], who found faster transmission of the Unistrain®
PRRS vaccine strain compared to Porcilis®
PRRS vaccine strain. To explain this difference in terms of viral transmission between both studies, it has been suggested that in vivo replication of attenuated vaccine strains may lead to mutant selection [35
]. In our study, during the adaptation process of vaccine strains in the swine host, mutations might have conferred increased transmission capacities to Porcilis®
PRRS but not to Unistrain®
High transmission capacities might confer long-term persistence to the recombinant strain in the pig herd. Indeed, two years after the first isolation of the recombinant strain, we could confirm that the recombinant PRRSV strain was still circulating on the farm. The 2016 recombinant strain sequence, with 1.4% genetic divergence (due to additional mutations over the years) compared to the recombinant strain from 2014, is in line with previous data (from field experience and experimental infections) that described a mutation rate of about 0.5% to 1% per year [36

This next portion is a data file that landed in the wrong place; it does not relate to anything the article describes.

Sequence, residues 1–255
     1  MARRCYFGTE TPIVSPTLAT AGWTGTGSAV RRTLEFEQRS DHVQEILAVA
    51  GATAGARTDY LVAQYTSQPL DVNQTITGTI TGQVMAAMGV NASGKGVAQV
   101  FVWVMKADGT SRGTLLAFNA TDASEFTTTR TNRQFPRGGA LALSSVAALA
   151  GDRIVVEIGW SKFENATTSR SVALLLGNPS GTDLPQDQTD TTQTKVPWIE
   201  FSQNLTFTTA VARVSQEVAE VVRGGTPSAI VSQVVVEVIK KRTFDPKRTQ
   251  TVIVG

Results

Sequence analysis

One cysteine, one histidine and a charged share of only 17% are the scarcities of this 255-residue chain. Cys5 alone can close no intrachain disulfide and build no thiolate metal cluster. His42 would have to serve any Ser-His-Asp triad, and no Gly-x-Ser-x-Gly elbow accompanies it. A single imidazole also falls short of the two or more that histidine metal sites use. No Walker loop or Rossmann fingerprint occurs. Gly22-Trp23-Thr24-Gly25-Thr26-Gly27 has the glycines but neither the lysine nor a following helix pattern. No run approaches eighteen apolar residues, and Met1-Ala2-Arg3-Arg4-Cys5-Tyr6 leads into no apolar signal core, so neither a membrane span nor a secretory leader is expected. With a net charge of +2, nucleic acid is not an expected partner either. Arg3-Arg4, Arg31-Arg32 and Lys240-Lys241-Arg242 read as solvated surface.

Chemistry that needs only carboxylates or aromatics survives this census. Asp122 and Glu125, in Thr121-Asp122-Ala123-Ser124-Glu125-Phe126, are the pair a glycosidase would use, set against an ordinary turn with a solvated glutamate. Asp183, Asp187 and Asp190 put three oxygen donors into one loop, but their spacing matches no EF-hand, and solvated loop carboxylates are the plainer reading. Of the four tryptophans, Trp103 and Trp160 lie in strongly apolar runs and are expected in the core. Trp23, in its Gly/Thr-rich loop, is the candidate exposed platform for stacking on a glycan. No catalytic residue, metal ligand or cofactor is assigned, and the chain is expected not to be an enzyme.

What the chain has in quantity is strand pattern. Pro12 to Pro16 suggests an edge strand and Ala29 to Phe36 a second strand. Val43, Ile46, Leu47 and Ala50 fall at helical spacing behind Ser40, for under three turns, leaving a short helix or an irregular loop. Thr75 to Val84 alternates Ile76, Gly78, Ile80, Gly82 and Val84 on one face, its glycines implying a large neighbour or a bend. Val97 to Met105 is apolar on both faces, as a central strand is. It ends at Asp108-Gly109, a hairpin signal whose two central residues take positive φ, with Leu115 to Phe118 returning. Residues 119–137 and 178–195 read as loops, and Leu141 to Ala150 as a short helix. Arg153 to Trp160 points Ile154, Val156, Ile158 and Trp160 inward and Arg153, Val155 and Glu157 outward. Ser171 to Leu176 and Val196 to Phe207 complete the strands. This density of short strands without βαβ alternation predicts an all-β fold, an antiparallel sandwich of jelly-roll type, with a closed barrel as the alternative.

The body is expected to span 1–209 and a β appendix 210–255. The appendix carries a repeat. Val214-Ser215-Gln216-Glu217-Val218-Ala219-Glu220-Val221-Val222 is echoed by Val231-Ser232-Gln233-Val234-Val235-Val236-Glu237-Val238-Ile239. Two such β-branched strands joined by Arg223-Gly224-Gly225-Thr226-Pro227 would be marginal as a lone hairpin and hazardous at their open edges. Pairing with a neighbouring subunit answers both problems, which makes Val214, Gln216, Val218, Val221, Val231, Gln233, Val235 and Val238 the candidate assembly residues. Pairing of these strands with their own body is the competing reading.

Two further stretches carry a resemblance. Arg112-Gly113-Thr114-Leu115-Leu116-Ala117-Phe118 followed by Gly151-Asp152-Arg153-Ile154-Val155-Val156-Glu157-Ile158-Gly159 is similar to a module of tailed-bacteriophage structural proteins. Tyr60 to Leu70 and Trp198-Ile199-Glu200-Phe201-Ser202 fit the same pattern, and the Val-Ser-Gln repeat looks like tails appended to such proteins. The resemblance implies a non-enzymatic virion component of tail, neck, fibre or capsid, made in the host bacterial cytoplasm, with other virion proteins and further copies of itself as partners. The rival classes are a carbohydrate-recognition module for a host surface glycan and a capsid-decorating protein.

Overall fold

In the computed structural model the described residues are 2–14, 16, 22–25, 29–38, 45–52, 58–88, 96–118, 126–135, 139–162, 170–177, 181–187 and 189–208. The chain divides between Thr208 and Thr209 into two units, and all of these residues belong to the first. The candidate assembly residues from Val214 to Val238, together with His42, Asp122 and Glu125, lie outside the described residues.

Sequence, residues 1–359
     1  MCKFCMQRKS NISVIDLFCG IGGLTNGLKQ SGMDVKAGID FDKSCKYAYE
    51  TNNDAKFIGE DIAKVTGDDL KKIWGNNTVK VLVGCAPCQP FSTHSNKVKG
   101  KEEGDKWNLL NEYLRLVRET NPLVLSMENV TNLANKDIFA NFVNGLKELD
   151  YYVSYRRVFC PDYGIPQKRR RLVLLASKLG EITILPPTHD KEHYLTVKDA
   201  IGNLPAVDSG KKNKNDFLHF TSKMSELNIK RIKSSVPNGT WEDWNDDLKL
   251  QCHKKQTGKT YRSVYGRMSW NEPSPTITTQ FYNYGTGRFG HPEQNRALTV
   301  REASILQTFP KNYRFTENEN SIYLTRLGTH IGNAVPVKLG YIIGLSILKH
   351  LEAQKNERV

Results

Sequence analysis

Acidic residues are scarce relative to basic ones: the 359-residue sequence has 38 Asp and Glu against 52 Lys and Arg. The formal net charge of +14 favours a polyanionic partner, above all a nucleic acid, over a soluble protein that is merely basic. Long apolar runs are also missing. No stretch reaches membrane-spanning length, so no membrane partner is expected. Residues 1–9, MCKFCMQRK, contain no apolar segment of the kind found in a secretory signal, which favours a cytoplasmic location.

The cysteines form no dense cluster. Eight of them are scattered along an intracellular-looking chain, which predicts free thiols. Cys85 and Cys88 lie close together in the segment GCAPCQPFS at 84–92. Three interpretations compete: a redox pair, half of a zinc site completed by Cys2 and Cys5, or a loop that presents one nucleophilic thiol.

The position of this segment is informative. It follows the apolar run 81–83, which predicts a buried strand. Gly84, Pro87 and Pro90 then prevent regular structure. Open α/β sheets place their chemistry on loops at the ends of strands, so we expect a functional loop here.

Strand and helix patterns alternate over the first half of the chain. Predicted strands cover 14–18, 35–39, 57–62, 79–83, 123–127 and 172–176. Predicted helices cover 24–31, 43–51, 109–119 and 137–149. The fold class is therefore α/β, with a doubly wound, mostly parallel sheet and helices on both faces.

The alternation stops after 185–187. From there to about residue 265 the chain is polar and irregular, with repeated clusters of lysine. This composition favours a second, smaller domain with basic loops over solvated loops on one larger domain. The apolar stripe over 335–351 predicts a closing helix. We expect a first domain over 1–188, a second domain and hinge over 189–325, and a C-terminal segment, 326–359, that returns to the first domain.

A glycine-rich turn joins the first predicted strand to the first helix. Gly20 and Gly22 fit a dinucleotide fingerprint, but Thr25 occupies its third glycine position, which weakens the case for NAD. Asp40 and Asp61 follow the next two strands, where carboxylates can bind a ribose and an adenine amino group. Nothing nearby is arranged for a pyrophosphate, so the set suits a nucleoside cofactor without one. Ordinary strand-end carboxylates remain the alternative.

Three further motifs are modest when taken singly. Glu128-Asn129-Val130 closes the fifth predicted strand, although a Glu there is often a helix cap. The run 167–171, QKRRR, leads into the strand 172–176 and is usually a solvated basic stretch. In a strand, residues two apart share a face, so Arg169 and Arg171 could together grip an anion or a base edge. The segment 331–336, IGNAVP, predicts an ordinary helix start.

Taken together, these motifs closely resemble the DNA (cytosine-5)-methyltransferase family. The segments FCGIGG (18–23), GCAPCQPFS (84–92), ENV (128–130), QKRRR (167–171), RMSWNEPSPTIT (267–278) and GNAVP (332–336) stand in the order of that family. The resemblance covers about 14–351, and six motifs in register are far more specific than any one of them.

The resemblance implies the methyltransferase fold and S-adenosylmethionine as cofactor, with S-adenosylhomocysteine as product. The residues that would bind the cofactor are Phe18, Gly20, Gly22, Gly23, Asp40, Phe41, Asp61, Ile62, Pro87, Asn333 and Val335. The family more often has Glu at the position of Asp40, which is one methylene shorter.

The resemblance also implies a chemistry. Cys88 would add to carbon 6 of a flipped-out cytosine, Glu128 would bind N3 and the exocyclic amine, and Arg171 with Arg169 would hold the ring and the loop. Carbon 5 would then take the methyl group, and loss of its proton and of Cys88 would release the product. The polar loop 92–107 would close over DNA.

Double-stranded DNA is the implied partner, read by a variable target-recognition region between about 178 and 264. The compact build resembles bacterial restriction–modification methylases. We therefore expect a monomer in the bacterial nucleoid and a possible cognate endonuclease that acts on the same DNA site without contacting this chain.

Even though three recombination events were clearly identified in the field strain under study, recombination may not be the only or main reason resulting in increased transmission characteristics. Indeed, the recombinant strain was isolated from the field in December 2014 more than one year after two successive vaccinations in a limited period of time, which are most probably the source of the recombination events between the two MLV1 vaccines. The recombinant strain might have increased its replication capacities thanks to selection of more adapted virus variants following multiple pig passages in the farm. This phenomenon has already been described for MLV2 strains [38
]. Mengeling et al. [39